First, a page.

2. Cut Grocery Bills Get multiple copies of the Sunday paper and start clipping coupons. Then, put your smartphone to work and download apps like Yowza and Grocery IQ. However, don’t necessarily use every coupon you find – limit them to foods your household regularly consumes. Create a shopping list before you leave the house and stick to it. Stock up on your favorite foods when they’re on sale and take advantage of your grocer’s loyalty program if one is available.

3. Cut the Cable Cord Think you can’t get by without cable TV? Think again. Netflix and Hulu Plus offer tons of movies and TV shows at a significant discount to traditional cable and satellite packages – each costs $8 per month. Also, consider replacing your TV time with other activities, such as reading books or exercising. The potential savings is tremendous.

4. Drop Home Telephone Service Still have a home telephone? If you need a backup to your smartphone, consider MagicJack Plus instead. It’s a device you can buy for around $50 that plugs into your computer and acts as a landline telephone. The first six months of service are free; after that it’s only $29.95 per year. Match that up against your current landline and the savings are more than apparent.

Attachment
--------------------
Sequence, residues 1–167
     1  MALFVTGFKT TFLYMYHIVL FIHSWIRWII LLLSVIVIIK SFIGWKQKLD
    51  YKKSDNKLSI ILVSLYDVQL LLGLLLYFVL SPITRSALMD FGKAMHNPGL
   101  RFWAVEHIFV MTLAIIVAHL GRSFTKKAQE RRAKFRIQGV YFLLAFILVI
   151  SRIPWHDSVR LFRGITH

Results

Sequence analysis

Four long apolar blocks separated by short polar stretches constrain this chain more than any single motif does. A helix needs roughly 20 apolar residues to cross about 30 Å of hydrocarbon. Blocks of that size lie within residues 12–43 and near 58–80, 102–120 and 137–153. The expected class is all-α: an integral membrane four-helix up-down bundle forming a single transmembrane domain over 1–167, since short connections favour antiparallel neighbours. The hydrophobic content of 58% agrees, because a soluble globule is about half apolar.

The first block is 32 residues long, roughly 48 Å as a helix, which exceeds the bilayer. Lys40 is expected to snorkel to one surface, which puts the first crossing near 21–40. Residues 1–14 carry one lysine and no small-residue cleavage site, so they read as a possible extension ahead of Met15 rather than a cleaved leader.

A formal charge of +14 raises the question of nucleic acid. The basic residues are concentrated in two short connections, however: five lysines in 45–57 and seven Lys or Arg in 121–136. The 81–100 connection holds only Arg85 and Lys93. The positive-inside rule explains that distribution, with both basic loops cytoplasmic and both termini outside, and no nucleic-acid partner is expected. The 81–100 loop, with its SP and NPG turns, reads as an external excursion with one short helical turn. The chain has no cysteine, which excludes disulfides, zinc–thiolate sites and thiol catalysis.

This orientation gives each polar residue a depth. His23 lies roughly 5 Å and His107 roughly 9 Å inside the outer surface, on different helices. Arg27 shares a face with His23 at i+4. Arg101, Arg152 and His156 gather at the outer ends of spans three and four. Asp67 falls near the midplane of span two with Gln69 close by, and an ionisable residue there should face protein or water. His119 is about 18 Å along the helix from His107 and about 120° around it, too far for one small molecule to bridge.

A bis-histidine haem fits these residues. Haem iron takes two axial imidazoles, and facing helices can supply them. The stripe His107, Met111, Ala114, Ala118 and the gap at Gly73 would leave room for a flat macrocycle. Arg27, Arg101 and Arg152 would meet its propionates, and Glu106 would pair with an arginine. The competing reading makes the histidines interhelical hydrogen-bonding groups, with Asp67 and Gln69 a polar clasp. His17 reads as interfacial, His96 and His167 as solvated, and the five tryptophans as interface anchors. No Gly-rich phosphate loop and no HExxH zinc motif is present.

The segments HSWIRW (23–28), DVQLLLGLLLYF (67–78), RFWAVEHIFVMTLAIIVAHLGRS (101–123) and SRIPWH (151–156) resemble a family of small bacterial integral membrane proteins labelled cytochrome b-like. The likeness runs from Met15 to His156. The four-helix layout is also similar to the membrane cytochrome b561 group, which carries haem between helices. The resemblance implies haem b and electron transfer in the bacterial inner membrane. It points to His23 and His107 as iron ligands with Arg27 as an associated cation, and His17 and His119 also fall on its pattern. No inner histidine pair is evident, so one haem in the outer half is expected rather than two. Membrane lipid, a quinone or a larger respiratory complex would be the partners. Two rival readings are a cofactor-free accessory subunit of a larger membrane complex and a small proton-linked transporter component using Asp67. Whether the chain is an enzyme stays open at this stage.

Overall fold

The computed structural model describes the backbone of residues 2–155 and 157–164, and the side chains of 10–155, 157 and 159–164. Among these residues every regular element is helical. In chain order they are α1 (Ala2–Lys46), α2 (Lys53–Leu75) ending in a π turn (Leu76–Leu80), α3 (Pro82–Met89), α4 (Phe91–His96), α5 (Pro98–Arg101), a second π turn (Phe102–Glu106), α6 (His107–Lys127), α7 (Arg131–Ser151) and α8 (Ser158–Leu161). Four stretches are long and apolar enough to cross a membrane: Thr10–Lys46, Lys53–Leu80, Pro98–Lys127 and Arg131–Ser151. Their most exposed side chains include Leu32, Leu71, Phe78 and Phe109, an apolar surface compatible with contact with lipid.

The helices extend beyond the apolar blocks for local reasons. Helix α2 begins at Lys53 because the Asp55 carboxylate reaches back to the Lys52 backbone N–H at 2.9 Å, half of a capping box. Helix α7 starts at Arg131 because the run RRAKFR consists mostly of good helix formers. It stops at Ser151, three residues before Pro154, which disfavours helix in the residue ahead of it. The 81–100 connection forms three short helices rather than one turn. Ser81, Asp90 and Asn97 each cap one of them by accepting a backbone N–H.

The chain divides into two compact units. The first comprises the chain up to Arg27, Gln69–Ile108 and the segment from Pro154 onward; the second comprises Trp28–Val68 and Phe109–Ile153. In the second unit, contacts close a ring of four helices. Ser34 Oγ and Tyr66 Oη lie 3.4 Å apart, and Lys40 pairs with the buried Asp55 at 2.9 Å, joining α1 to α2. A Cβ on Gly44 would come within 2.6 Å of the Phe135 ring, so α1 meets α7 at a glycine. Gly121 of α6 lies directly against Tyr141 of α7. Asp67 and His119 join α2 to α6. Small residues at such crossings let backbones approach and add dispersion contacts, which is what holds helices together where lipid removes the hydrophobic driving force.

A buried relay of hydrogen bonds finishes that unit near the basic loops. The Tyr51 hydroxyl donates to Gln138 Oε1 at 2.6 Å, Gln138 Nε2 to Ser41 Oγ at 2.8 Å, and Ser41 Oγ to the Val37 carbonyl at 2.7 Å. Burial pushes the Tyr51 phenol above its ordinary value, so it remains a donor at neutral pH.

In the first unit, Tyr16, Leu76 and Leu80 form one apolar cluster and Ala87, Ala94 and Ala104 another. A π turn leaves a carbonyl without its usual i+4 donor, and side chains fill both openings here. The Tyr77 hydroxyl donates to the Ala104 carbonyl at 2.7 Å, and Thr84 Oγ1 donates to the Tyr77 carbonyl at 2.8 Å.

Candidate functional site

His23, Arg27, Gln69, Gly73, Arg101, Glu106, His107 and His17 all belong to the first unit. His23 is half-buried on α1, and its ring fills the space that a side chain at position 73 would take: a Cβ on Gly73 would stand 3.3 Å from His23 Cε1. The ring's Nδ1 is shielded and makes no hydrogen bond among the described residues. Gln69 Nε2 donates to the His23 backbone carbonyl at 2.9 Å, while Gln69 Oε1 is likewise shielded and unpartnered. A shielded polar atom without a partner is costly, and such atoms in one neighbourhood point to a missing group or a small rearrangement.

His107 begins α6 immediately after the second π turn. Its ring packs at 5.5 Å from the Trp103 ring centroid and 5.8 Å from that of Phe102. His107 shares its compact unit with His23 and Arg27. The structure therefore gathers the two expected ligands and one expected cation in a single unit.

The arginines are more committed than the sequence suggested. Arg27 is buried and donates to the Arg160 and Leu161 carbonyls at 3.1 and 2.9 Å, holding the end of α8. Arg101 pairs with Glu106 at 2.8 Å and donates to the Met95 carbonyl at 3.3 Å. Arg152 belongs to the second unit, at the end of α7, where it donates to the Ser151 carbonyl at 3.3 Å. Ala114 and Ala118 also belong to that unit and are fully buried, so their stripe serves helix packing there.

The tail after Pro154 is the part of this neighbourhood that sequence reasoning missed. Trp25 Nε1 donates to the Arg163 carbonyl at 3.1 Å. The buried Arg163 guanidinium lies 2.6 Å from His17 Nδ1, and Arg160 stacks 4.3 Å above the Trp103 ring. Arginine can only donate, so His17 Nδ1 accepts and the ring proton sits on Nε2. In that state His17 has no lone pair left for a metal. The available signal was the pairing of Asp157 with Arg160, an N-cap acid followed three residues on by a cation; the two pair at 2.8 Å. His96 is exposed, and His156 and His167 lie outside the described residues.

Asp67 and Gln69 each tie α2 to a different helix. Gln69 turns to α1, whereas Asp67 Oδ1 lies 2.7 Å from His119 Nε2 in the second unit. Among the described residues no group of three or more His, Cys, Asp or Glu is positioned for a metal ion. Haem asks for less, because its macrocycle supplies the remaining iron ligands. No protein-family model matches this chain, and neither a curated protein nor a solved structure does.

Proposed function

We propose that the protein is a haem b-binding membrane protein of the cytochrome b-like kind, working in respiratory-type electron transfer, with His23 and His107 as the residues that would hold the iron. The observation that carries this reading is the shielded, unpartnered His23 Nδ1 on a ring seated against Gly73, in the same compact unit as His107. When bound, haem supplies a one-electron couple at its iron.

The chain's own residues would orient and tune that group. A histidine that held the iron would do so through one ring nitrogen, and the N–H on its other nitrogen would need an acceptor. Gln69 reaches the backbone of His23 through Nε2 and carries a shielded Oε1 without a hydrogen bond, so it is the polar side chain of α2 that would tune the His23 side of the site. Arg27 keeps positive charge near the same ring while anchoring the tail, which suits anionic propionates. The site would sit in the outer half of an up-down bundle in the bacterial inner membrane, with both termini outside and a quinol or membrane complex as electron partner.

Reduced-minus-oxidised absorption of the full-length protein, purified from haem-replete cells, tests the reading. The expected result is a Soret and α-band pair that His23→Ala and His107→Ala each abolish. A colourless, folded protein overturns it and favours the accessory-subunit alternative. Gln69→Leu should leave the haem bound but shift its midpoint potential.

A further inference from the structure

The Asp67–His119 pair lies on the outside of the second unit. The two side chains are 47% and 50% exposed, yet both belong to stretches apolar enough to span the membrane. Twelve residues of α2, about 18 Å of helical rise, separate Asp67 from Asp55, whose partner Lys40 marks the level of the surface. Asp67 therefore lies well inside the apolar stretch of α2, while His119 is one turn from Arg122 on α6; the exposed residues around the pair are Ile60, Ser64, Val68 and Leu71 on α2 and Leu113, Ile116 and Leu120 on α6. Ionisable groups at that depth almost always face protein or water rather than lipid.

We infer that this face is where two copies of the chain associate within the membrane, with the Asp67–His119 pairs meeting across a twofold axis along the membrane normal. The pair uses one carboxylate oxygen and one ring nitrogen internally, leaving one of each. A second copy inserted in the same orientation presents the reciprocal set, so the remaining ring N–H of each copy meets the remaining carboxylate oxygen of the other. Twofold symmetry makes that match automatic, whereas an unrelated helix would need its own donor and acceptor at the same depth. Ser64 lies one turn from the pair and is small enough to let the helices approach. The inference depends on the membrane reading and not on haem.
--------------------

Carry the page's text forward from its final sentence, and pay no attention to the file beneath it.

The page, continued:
5. Get An In-Home Energy Audit I got an email a while back from my provider offering an in-home energy audit. I didn’t really know what it was, but I decided to take the bait. A rep came to my home, free of charge, inspected it inside and out, and provided me with a written report of all the ways I could save on energy. I put many of the tips in place without spending a ton of cash, and my bills instantly went down by roughly 30%. Check to see if your company offers these audits, and get one on the books immediately.

6. Brown-Bag It to Work Eating lunch at restaurants on your work break adds up in a hurry. Even if you only spend $8 per meal, that’s roughly $200 each year. Wrap up last night’s leftovers in a flour tortilla, throw together some lunch meat sandwiches, or assemble a chef’s salad with some healthy dressing. You can save a ton of money with brown bag lunch ideas, all of which can be devoted to your credit card debts.

 

Once all of these tactics are in place, get yourself on a personal budget. Use Microsoft Excel, or a good old pen and paper to list out your expenses and income. Keep making cuts until you have a monthly surplus, and then send that amount in to your creditors. Watch your balances dry up, and celebrate when you’re debt-free. Achieving that independence is a major milestone – make sure you remember the struggles you faced getting there, so you don’t repeat the mistakes that landed you in debt in the first place.

 

What other ways do you know of to lower credit card debt?